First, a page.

Dihydrotestosterone in Amyotrophic lateral sclerosis, the missing link?

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Leslie P. Weiner, MD proposed in 1980 that the mechanism of motor neuron death is sometimes related to the loss of androgen receptors.


A recently published article brings some substance to his hypothesis.

Weiner based his hypothesis on characteristic of ALS.

  1. Male-to-female ratio. There have been frequent reports of preponderance of male to female patients with ALS. The ratio of 1.5 to 2.5 has been reported. A 1:1 ratio has been calculated for patients over the age of 65.

  2. Age. The average age of ALS patients is 55 to 60 years.

  3. Sparing of neuronal populations. In almost all cases of ALS, the extraocular muscles are not involved. The urinary and anal sphincters are also spared. The neurons of cranial nerves III, IV, and VI and sacral spinal cord motor neurons (S-2) are left intact even in far advanced cases of ALS.

  4. Axonal changes. There are changes in ALS that suggest axonal involvement.

  5. Certain types of axonal injury and axonal repair.

Leslie P. Weiner hypothesis:

  1. Could androgen receptors, and hence, androgens themselves, be important in motor neuron function?
  2. Could the sparing of cranial nerves in ALS be due to the lack of dependence of these neurons on androgens?
  3. Could the role of androgens be important in repair processes following axonal injury?

One could postulate that normal people have insults to their nerves and muscles hundreds of times in a life time. The neuron, with the "anabolic" help of androgen, can repair its axon. In ALS, whether due to toxins, viruses, trauma, or an accelerating "aging" process, androgen receptors are lost and axonal changes result in the death of the motor neuron.

What about dihydrotestosterone in ALS?

Fast forward in 2020, dr Nishit Sawal and colleagues aimed at testing Cerebrospinal fluid (CSF) levels of free testosterone and dihydrotestosterone in 13 ALS patients [7 males, 6 females] and 22 controls [12 males, 10 females].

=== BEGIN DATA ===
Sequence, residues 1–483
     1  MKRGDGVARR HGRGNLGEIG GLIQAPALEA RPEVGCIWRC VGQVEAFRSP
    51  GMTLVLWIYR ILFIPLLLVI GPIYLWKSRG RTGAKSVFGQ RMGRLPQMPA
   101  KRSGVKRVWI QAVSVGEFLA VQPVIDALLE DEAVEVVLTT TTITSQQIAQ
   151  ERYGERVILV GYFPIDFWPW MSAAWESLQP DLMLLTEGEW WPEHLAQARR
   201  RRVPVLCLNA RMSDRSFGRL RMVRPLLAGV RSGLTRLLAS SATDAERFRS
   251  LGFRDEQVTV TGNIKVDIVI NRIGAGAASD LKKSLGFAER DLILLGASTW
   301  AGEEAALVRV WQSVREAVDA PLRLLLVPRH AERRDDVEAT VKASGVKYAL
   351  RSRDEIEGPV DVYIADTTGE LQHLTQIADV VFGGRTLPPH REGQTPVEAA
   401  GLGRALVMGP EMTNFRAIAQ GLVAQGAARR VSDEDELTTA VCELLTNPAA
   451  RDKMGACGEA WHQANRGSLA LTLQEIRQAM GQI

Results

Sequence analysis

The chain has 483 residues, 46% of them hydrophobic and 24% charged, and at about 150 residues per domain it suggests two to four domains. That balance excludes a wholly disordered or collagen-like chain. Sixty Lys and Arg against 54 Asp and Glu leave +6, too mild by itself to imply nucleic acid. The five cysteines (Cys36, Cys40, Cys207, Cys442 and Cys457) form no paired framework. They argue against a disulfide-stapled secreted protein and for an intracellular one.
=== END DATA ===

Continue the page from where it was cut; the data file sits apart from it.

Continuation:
While testosterone is well known for its role in sexual development, it does not stop here. Androgen including testosterone enhances muscle growth. Testosterone also regulates platelet aggregation in humans. It has been correlated with health deterioration in several neurodegenerative diseases, including Alzheimer.

Adult testosterone effects are more clearly demonstrable in males than in females, but are likely important to both sexes. Some of these effects may decline as testosterone levels might decrease in the later decades of adult life.

Androgens affect the cerebral vasculature and may contribute to sex differences in cerebrovascular diseases. Men are at a greater risk for stroke and vascular contributions to cognitive impairment and dementia (VCID) compared to women throughout much of the lifespan. In men, low androgen levels have been linked to metabolic and cardiovascular diseases including hypertension, diabetes, hyperlipidemia, and obesity, which greatly increase the risk of stroke and VCID.

Dihydrotestosterone (DHT) is the most potent natural androgen in humans. There has been an increasing interest in this androgen and its role in the development of primary and secondary sexual characteristics as well as its potential roles in diseases ranging from prostate and breast cancer to Alzheimer's disease. Dihydrotestosterone is created when testosterone is converted into a new form, dihydrotestosterone. About 10% of the testosterone in the bodies of both men and women is converted into dihydrotestosterone in adults, with a much higher amount in puberty. This may be why it is so closely related to the triggering of puberty. The dihydrotestosterone hormone is much more powerful than testosterone.

What the scientists found

What they found was that CSF free testosterone levels did not show any significant differences but CSF dihydrotestosterone levels were significantly decreased in all male and female ALS patients.

What did the scientists conclude?

They concluded that dihydrotestosterone is probably integral to survival of motor neurons. In patients predisposed to develop ALS, there is possibly a sort of “testosterone resistance” at level of blood–brain barrier [BBB] existing right from birth and is likely the result of dysfunctional transport protein involved in testosterone transfer across the BBB. In these patients, lesser amount of testosterone is able to breach the BBB and enter the central neural axis.

Lesser amount of testosterone is available to dihydrotestosterone and so fewer dihydrotestosterone is generated. There is inadequate negative feedback suppression of Luteinizing hormone at the level of anterior pituitary by dihydrotestosterone. As a result of higher Luteinizing hormone levels, testosterone levels rise in the peripheral testosterone fraction [the fraction outside the BBB] and this explains the various physical attributes of ALS patients like lower Ratio of the index and ring finger lengths (2D:4D ratio), increased incidence of early onset alopecia etc.

This deficiency of dihydrotestosterone leads to motor neuron death causing ALS.


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